The 127 apps, provided by 105 local authorities, were found through keyword searches in the Google App store for the 50 largest UK local authorities and lists of apps from selected suppliers, so the data is indicative rather than comprehensive.

But many council apps appear to be little-used. Although 68 had been installed more than 1,000 times through Google, 47 had between 100 to 999 installations and 12 had been installed fewer than 100 times.

User ratings for apps varied widely, with five having average scores of less than two stars out of five, but 12 scoring four or above. Cardiff Council’s multi-purpose app, launched in June, was one of the most highly-rated, with an average score of 4.6.

A longer version of this article is in the new issue of Socitm’s In Our View magazine, available for download here.

Multi-purpose and library apps prove popular for councils

Friday roundup: A week in tech


Facebook et al are going to start receiving some eye-watering fines in the post if they don’t start clearing their wretched networks of terror content, pending the European Union’s plans.

Tired of terror-related carnage, the EU wants to force the likes of Twitter, Facebook…um, Geocities if it’s still going, to remove violent mischief within an hour of going live, or be penalised into oblivion.

By my count, this is the 453rdattempt by the authorities to deal with the big social networks’ crummy grip on terror content and other cyber atrocities.

According to Julian King, the UK’s security commissioner in Brussels, people are increasingly getting their instructions for terrorism over the internet – and digital material has had a part to play in every European attack in the past 18 months.

Speaking, rather than tweeting, thankfully, Mr King said: ‘We have got a problem with content; it is not an entirely new problem, we are not starting from scratch, we have agreed to do some voluntary stuff, and we got some good progress – but not enough.’

If the EU gets its legislative way, networks will also have to erect systems that automatically remove terror propaganda.

So, let’s wait and see how all that works out.


Already cuddling up nicely with government bosses in China, Google seems to be extending the goodwill towards the authorities in Moscow.

The search giant has scrubbed YouTube adverts by one Alexei Navalny, a big critic of Russian uber-boss Vladimir Putin.

According to Google, it removed the ads merely to act in accordance with the laws of the land, which decree that political campaigning in a no-no within 24 hours of an election.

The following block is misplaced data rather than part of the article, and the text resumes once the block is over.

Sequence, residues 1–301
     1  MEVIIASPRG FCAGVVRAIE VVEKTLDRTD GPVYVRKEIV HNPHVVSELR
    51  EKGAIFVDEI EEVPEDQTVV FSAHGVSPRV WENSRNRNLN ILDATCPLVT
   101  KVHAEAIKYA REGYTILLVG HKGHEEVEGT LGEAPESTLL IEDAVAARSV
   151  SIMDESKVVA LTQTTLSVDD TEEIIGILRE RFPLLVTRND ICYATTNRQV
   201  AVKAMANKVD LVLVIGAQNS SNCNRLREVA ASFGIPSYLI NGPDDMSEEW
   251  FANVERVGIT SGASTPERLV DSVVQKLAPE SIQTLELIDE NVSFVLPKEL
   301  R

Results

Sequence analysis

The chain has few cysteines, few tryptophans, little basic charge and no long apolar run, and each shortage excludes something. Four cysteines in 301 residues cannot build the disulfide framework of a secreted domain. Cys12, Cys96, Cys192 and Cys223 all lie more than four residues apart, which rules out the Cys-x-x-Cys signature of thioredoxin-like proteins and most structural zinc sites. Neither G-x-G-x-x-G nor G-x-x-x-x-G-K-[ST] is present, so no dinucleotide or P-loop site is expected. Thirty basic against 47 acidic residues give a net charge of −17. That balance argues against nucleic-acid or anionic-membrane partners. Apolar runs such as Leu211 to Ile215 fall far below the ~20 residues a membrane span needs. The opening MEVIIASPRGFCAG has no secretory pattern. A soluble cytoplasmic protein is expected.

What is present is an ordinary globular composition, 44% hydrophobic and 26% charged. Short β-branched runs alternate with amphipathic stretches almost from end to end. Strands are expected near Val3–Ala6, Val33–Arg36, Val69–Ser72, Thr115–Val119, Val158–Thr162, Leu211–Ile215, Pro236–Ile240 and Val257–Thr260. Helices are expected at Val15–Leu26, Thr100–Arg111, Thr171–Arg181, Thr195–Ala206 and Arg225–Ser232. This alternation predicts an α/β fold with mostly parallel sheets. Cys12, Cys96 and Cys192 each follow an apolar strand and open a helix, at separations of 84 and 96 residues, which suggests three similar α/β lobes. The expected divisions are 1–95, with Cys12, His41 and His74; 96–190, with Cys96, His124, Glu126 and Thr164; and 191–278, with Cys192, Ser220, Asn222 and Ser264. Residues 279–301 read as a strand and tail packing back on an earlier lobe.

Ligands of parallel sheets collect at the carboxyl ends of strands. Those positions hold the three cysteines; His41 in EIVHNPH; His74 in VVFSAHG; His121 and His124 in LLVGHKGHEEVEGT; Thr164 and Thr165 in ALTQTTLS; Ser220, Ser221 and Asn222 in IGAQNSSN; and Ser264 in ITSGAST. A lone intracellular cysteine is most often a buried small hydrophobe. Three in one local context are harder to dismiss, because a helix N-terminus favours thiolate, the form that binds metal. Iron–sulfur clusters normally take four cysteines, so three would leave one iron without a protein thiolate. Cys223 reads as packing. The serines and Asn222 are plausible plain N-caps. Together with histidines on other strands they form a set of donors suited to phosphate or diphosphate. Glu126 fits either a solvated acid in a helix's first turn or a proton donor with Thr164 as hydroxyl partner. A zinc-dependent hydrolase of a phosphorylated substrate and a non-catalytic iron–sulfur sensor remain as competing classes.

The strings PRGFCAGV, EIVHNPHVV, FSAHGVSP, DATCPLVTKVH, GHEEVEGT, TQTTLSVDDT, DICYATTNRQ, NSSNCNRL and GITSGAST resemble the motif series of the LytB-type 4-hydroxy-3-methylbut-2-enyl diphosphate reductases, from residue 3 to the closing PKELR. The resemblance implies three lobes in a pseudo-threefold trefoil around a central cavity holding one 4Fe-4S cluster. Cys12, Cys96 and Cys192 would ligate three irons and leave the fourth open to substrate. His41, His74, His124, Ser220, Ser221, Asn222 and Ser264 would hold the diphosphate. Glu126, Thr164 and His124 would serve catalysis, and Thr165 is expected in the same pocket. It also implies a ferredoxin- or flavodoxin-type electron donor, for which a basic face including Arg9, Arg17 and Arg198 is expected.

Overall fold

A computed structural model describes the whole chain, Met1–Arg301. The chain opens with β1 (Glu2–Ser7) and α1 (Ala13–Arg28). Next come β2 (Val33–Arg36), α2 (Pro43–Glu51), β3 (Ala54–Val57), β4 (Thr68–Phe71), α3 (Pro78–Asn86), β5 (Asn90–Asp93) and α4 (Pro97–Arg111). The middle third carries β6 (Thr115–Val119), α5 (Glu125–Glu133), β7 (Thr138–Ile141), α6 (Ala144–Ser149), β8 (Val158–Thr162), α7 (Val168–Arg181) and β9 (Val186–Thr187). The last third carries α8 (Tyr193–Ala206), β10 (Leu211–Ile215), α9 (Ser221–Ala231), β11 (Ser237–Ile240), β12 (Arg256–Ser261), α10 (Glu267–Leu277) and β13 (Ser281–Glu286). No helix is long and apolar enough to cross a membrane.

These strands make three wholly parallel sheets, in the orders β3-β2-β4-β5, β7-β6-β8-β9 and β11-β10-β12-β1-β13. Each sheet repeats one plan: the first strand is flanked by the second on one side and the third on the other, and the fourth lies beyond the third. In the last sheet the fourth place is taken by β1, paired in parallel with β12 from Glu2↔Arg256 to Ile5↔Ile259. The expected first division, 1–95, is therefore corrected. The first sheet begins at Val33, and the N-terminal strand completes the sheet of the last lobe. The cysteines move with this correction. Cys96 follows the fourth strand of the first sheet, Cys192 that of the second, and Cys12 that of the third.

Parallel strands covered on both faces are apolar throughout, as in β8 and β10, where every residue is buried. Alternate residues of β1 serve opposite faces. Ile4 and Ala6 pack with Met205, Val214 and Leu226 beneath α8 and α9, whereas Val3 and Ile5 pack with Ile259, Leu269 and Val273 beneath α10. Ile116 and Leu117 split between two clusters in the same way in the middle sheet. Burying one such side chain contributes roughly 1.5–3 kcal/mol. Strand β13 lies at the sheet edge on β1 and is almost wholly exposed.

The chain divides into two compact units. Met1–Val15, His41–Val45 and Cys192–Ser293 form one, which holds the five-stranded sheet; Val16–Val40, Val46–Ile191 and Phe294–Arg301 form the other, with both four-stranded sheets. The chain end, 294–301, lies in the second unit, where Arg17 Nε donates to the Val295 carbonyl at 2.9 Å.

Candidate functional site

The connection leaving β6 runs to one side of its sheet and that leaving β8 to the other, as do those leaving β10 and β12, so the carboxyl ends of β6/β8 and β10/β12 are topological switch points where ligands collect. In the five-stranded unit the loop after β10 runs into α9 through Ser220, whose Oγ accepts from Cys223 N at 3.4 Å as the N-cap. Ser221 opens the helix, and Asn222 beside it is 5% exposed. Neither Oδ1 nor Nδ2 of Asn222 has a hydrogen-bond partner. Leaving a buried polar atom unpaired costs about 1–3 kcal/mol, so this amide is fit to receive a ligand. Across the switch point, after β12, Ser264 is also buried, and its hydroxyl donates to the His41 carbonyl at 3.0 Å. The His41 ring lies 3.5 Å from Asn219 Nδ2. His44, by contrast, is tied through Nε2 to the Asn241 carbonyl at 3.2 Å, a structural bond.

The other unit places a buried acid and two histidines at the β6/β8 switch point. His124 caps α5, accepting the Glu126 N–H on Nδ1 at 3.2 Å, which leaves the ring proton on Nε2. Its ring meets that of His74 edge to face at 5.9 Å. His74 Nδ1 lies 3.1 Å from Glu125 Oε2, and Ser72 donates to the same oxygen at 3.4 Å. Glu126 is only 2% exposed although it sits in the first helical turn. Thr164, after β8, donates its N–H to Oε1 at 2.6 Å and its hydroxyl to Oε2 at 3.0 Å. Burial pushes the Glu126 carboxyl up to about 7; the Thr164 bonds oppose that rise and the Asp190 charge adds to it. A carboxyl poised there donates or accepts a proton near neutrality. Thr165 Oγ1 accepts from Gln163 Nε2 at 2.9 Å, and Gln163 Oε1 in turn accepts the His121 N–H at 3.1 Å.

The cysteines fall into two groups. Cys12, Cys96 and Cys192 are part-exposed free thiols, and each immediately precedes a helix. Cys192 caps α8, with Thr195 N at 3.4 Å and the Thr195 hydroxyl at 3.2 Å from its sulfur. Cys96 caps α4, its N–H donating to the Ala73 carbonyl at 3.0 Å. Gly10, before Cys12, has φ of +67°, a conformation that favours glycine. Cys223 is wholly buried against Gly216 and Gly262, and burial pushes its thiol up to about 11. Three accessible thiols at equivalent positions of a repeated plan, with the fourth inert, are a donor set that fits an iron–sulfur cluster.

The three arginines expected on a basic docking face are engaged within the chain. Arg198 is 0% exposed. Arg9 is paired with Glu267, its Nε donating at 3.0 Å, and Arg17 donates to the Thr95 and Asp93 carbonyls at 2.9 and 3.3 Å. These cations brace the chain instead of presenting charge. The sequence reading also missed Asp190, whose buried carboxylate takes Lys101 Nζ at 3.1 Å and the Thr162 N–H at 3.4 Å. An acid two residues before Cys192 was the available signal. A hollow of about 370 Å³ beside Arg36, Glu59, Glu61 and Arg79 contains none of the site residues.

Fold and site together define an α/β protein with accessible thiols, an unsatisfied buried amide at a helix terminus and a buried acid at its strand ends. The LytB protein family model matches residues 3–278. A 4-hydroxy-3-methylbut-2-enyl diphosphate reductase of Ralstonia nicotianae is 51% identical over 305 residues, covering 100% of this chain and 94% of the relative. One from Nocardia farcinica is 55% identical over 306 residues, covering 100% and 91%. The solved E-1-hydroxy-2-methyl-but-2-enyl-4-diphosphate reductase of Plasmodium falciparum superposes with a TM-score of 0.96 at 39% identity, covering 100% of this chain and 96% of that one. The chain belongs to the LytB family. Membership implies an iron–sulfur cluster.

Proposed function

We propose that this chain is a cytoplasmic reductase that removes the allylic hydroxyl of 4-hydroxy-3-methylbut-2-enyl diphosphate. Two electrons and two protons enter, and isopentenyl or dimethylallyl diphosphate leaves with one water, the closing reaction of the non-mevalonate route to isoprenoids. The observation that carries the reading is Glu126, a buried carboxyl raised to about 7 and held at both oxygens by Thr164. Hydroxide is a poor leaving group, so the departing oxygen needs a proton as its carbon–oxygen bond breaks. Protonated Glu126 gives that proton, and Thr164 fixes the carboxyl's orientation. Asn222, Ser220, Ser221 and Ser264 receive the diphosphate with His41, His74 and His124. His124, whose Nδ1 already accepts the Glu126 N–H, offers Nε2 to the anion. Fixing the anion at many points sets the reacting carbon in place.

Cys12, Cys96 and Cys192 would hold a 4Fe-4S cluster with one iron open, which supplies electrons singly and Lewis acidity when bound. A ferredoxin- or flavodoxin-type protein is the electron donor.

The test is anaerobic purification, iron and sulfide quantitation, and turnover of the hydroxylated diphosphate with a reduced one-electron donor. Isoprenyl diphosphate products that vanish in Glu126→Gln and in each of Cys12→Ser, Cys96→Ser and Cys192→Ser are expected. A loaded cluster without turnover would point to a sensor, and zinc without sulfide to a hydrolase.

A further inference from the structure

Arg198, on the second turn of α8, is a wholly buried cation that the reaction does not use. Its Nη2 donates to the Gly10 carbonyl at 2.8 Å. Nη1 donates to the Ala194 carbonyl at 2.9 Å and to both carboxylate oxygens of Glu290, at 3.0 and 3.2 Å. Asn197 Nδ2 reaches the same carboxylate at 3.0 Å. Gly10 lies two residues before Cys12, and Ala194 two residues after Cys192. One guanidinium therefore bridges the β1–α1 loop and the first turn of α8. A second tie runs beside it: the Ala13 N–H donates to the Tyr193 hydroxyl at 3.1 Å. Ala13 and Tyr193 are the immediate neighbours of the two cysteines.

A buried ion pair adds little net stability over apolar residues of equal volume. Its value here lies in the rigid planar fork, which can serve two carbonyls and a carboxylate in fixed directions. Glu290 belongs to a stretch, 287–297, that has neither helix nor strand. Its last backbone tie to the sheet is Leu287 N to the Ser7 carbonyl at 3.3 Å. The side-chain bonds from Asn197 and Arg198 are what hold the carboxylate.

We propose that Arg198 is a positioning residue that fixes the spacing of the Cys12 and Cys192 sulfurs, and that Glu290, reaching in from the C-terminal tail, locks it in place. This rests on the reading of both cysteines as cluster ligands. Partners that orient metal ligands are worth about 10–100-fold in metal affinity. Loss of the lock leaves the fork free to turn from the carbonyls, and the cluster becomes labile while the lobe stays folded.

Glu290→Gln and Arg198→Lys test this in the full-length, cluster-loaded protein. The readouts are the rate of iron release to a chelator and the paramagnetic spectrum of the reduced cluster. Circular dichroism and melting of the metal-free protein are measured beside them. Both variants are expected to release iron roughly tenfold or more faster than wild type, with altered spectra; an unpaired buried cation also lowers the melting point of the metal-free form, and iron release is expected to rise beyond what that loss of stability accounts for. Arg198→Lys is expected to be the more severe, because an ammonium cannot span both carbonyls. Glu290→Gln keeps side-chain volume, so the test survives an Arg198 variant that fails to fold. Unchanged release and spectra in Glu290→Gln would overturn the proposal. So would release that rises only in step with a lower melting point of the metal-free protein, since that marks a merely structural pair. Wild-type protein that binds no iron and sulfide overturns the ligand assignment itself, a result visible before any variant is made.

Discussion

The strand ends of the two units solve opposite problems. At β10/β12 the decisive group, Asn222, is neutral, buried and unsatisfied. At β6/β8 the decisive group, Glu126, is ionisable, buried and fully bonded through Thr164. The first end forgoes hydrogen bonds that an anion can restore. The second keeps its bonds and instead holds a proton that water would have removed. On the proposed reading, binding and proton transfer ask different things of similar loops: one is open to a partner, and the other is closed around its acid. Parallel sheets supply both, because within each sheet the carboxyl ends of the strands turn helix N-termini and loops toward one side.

My Navalny’s YouTube videos called for people to join protests against the government’s plans to change the age of retirement in Russia.

So, jolly nice of Google to stringently adhere to local rules, and coupled with last month’s news that the firm is building a special government-friendly search engine for China, one wonders what the company might do next. A digital marketplace for the Mexican Juarez drugs cartel? A bespoke photo-sharing hub for ISIS?


Yet again the Advertising Standards Authority (ASA) has banned a firm’s broadband adverts for being full of fibs.

Complaints have been upheld that Vodafone’s recent irritating Martin Freeman-fronted campaign has been misleading customers, claiming as it does that the firm’s broadband service doesn’t suffer ‘drop-out’ like other providers.

However, the ASA has ruled that the claims can’t be substantiated and that consumers might interpret the ads as saying that broadband with Vodafone would mean an end to the ongoing curse of internet connections, buffering.

This is where it gets interesting: on its website, Vodafone claimed that its Ultimate Speed Guarantee ‘means you get the best broadband speed available to you, or we’ll give you a discount off your monthly bill until we can get you there’.

However, speed and ‘drop-out’ are two different things, as I can tell you from my own horrible experience at my house, where the internet is nice and fast – when it’s there at all.

Interestingly, one of those that complained about the unreliable ads was BT – and you know you’re doing something wrong as an ISP when they’ve got the moral high ground.

Vodafone has said that it’s ‘disappointed’ with the ruling (specially as they probably paid Mr Freeman £millions to star in their rubbish, now banned adverts) but here’s the rub: the ads ran for ages, so Vodafone got lots of publicity and, I assume, sales from the campaign, but all the ASA has done is prohibited further broadcast, which is what happens every time in these situations.

When are these firms going to start getting fined for lying?

Friday roundup: A week in tech